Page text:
A bail variation is a modification of existing bail conditions. A bail review is an application made by either the accused or the Crown to review the bail conditions. Because this process involves reviewing the decision of a judge or justice of the peace, it must go to a higher court. Bail reviews concern one of two situations: whether or not the judge or justice of the peace made an error of law during the bail hearing, or whether or not there was a material change in circumstances of the accused. Bail reviews are lengthier and more serious than bail variations.

Sources:

http://lawfacts.ca/taxonomy/term/4

http://www.justice.gc.ca/eng/rp-pr/cj-jp/fv-vf/bpfv-pevf/p4.html




Enhanced Credit – SSC Ruling

Supreme Court Rules to Revert to Pre-2009 Bail Provisions

In 2009, sentencing reforms fundamentally changed bail provisions for Canadians. Previously, those denied bail because of a previous conviction could get enhanced credit for time spent in jail before sentencing.  Enhanced credit is commonly called pre-sentence credit.

Enhanced credit is a principle that awards extra time for each day spent in jail while the accused is awaiting resolution of their matter. This method of sentencing recognizes that those in jail prior to conviction do not have the same access to programs and resources as those in jail or prison after their conviction. Typically, pre-sentence custody time counts for 1.5 days of credit against the accused’s sentence. This means that if the accused spent 30 days in jail, they would be credited for 45 days. If the total sentence was 60 days, the accused would only have to serve the remaining 15 days.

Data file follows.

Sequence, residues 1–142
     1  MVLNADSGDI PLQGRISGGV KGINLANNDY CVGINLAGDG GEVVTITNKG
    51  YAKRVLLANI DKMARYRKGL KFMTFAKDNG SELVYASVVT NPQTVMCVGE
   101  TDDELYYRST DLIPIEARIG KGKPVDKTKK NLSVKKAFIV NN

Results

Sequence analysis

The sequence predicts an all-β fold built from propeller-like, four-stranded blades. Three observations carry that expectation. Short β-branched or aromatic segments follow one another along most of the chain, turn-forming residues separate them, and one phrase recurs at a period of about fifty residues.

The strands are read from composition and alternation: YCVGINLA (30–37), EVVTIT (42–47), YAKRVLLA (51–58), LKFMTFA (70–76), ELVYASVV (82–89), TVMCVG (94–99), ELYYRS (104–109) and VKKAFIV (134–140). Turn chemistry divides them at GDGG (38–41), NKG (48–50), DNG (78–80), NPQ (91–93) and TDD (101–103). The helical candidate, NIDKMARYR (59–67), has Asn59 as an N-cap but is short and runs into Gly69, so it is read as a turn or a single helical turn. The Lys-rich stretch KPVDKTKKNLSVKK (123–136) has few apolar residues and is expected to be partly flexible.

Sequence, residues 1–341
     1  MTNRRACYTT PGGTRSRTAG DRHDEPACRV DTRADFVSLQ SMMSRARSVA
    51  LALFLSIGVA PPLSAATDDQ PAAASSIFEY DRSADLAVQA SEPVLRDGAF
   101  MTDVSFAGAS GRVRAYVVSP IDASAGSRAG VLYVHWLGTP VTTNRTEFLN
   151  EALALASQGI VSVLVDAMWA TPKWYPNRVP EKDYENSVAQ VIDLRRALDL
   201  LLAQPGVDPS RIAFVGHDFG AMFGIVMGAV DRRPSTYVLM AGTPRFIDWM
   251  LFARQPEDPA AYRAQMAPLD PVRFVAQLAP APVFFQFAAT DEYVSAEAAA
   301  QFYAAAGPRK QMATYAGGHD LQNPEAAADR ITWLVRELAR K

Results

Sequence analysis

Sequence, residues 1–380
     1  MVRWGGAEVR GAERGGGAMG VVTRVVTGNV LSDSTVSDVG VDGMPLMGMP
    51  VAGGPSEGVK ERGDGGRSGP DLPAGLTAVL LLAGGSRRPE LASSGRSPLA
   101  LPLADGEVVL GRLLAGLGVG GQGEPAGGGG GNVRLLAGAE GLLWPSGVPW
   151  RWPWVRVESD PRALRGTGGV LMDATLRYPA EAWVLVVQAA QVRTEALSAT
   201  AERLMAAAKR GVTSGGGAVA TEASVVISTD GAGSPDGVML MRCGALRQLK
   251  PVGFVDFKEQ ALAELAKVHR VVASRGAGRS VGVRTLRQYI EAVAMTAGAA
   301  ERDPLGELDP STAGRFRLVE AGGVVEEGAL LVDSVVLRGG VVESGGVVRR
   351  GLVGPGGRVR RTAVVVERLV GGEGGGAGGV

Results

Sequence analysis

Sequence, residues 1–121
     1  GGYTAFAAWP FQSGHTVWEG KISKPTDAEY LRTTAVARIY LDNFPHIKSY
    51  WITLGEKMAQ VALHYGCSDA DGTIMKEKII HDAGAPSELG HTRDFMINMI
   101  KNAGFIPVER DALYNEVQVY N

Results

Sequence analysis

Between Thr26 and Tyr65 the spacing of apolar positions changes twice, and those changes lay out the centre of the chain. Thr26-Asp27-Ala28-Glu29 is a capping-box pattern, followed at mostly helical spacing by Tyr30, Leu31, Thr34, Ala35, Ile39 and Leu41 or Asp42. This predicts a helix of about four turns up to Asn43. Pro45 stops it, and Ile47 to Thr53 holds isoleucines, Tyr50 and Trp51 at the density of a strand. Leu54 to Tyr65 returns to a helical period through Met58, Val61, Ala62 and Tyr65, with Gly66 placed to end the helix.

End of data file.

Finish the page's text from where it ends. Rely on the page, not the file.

Enhanced Credit

The 2009 sentencing reforms removed the possibility of enhanced credit for those denied bail because of a previous conviction. Today the Supreme Court ruled to revert back to pre-2009 provisions and reinstate enhanced credit.

enhanced creditThis ruling comes as a reaction to the fact that bail release is not always prohibited if an accused has a previous conviction. Second, this law did not take into account that some previous convictions are less serious than others. This created a discrepancy in sentencing in that individuals with similar records could face significantly different sentences.

By striking down the 2009 provisions, the Supreme Court is ensuring fairness in sentencing, and in our justice system.  Those previously detained without bail often wold stay in jail waiting for a trial longer than any custody order could be issued upon a finding of guilt.   This unbalanced dynamic would often cause innocent people to plead guilty to simply get out of jail. The term of this is “extorted guilty plea” and can have serious consequences in the future.